Flashback - August 6, 1952
Ol' Satch Goes the DistanceBy Nathan Hale
For a pitcher roughly 46 years old, Satchel Paige found himself throwing a lot of extra innings in 1952. The Negro League legend was determined to make the most of his long-awaited shot at the majors, and few hurlers could claim to be better in the clutch.
On Aug. 6, Paige showed his stuff in a rare start against Detroit, holding the Tigers at bay for 12 innings until his St. Louis Browns scratched a run across for a 1-0 win. The feat made Olí Satch the oldest man ever to throw a complete game in major league history.
The game matched up a pair of second division clubs -- the Browns (45-63), who stood 18 1/2 games behind first-place New York, and the last-place Tigers (36-69), who languished 26 games out.
Paige's adversary was Detroitís Virgil "Fire" Trucks, who challenged hitters with above-average control and relentless intimidation. Even though his 1952 record of 5-19 would be the worst of his career, the Alabama native no-hit Washington on May 15 and the Yankees on August 25 to join Johnny Vander Meer, Allie Reynolds and, later, Nolan Ryan as the only pitchers with two no-hitters in a single season.
It was only the second start of the season for Paige, who had become a full-time reliever after coming to the majors in 1948. He routinely arrived for games around the fifth inning and would sneak drinks into the bullpen where he sat in his cushy contour chair -- a gift from owner Bill Veeck.
As the Browns' stopper, Paige earned these small luxuries. New York manager Casey Stengel had remarked, "If the Yanks donít get ahead in the first six innings, the Browns bring in that damned old man and then weíre sunk."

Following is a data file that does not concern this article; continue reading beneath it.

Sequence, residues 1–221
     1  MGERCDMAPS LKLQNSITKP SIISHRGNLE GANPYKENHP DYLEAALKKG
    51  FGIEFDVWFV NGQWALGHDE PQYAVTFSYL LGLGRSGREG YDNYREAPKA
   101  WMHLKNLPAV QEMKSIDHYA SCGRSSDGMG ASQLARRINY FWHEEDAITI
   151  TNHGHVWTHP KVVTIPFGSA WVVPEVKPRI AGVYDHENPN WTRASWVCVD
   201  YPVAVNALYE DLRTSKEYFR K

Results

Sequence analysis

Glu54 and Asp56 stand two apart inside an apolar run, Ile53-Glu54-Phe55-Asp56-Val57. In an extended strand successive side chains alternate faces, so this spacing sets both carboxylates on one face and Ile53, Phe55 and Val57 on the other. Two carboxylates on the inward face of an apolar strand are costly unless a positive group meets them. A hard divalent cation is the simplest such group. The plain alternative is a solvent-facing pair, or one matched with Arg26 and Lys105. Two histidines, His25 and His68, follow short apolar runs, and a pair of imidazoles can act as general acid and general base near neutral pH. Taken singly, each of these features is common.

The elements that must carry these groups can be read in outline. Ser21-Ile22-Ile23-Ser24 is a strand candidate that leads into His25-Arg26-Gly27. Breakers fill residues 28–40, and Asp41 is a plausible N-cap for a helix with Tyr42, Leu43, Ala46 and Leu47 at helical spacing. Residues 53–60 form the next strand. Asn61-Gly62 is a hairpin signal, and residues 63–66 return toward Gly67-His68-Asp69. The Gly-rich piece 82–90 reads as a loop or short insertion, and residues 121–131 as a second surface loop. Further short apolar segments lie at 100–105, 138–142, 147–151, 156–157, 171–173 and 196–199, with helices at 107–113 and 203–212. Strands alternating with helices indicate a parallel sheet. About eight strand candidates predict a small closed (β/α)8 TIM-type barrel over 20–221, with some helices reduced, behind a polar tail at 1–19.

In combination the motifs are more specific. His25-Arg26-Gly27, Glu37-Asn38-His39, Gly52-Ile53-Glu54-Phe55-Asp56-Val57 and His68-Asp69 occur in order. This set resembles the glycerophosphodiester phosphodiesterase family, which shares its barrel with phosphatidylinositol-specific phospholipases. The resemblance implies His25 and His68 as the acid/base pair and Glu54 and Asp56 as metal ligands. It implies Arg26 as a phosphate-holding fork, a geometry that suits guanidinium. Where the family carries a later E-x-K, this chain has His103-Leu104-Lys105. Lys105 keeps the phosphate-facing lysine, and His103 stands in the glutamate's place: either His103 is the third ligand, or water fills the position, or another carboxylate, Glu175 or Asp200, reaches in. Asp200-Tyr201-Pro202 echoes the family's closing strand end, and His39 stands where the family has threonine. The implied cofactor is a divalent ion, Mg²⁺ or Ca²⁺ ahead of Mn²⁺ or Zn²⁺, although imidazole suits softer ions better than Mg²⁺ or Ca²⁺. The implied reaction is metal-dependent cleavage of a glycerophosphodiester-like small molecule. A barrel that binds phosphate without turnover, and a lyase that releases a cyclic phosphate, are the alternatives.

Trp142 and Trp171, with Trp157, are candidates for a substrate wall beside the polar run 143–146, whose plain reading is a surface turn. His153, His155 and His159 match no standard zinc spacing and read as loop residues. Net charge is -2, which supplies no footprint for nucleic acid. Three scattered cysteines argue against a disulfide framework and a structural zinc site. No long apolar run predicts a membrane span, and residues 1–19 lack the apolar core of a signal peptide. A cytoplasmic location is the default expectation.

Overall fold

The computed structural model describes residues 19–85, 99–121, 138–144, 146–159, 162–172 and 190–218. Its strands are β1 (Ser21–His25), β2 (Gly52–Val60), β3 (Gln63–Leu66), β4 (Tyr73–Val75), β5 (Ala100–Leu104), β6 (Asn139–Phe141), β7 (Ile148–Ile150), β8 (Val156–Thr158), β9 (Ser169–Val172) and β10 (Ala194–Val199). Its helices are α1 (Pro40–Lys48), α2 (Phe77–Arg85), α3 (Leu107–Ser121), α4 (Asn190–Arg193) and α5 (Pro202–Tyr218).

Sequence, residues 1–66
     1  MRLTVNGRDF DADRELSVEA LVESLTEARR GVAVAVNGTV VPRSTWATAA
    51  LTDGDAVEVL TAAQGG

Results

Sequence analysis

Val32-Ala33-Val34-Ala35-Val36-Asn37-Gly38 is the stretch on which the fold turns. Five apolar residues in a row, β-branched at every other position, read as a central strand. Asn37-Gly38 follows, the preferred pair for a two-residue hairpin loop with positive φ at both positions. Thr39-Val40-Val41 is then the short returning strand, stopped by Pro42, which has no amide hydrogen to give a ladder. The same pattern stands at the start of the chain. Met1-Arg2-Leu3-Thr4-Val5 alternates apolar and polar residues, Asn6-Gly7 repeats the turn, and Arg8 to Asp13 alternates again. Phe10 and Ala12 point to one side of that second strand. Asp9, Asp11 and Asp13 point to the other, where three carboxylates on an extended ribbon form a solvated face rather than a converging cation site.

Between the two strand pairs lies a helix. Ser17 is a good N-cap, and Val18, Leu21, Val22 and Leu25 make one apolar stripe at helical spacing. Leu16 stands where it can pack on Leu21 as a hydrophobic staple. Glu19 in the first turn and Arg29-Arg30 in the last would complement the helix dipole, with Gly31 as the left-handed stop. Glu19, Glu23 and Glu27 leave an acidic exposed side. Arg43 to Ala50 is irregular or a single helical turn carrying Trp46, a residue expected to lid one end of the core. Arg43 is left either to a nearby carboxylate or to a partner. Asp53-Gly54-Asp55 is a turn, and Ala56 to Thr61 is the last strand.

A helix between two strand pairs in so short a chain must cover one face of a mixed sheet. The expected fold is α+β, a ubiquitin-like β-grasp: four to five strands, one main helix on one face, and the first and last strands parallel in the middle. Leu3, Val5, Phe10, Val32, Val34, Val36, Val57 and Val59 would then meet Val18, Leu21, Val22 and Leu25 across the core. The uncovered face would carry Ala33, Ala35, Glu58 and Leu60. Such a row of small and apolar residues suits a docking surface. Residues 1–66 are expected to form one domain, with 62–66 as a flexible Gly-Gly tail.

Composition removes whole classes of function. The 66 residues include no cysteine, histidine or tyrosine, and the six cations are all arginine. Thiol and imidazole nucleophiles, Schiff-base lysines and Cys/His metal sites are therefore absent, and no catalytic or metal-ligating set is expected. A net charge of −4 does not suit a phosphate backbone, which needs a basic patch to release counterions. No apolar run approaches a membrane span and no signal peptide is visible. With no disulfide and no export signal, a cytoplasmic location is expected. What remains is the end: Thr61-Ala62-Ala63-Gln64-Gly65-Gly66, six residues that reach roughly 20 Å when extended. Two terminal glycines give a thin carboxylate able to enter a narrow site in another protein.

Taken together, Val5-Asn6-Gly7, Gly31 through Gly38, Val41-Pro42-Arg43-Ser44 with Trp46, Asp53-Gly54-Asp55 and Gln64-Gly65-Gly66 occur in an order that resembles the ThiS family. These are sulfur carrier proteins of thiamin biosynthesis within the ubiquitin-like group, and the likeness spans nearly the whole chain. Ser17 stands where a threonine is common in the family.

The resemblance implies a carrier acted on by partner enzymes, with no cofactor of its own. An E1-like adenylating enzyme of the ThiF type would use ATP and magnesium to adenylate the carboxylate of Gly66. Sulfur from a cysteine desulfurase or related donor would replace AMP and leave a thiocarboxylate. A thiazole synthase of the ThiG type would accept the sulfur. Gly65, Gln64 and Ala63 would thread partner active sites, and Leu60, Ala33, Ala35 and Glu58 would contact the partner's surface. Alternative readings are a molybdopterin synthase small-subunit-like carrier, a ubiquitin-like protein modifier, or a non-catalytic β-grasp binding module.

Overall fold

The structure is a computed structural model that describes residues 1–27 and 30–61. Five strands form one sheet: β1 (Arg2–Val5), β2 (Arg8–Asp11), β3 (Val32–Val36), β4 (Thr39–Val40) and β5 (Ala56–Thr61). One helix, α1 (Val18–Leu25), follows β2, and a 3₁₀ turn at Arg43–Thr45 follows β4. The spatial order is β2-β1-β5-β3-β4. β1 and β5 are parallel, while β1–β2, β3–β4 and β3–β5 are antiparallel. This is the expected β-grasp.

His curve had lost some of its bite, but Paige retained his pinpoint control and could still reach back and bring his fastball into the high 80s. He maintained his live arm with a daily ritual of holding it under scalding hot water until it turned red and then rubbing it with snake oil. "Heís the best pitcher in the league if he has the rest," said Dizzy Dean, a former barnstorming pal of Paige. "If I was managing his club, Iíd have him a startiní."
Trucks held the Browns scoreless through nine innings, but Paige had little trouble matching zeroes into the warm Missouri night. "Even kids wilt in those late innings, but not Olí Satch," said Paige, for whom extra innings had become familiar territory.
On June 3, he allowed the Senators only four hits from the 12th to the 17th innings before driving in the winning run himself. Shortly thereafter he entered a game in the eighth and blanked Washington for 10 innings to gain another relief win.
St. Louis threatened in the second inning by loading the bases with no outs, but Trucks induced a double play ball from Paige and whiffed Gordon Goldsberry for one of his nine strikeouts in the game. Detroit didn't returned the threat until the top of the 10th, when they also loaded the bases with nobody out. Trucks headed for the showers and veteran Johnny Pesky came in to pinch hit.
But Satchel bore down. A fast sinker to Pesky produced a short grounder and a forceout at home. Johnny Groth followed and low fastball led him to the same results. Paige then turned to his "trouble pitch" for three consecutive called strikes to Tiger shortstop Neil Berry. Olí Satch later told reporters, "Man, Iím a hundred years old and I can still strike these guys out."
Paige held the Tigers at bay over the next two innings, and the Browns again loaded the bases in the bottom of the 12th against Detroit reliever Hal White. St. Louis right fielder Bob Nieman, the Browns' top hitter, ended the game with a clutch single; as Bobby Young crossed the plate to win the game, he put Paige in the record books as the oldest pitcher ever to go the distance. Later that season, he repeated the feat -- twice.